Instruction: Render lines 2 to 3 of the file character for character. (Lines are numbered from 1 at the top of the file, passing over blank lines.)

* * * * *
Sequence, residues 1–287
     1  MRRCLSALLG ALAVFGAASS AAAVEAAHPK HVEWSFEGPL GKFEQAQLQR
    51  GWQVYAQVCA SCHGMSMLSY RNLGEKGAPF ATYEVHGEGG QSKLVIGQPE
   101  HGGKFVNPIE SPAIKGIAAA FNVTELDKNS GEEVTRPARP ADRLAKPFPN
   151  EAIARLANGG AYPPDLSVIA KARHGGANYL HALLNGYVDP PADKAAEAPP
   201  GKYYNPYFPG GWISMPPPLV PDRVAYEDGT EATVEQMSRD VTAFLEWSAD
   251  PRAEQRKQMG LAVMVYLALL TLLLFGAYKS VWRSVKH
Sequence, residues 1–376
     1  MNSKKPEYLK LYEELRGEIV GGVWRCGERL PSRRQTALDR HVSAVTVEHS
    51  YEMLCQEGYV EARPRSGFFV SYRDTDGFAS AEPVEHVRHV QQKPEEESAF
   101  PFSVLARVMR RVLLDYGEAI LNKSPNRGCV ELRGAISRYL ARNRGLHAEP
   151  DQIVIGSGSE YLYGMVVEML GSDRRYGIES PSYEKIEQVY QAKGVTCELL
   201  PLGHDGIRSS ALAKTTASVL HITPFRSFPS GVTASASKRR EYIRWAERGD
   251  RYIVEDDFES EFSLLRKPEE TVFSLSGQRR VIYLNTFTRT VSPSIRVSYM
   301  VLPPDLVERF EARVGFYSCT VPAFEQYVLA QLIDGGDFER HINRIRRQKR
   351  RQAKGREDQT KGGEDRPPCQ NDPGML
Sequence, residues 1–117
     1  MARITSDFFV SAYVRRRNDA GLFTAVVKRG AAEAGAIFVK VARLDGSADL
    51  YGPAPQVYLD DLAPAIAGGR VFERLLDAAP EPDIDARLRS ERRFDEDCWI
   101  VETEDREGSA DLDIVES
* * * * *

     1  MRRCLSALLG ALAVFGAASS AAAVEAAHPK HVEWSFEGPL GKFEQAQLQR
    51  GWQVYAQVCA SCHGMSMLSY RNLGEKGAPF ATYEVHGEGG QSKLVIGQPE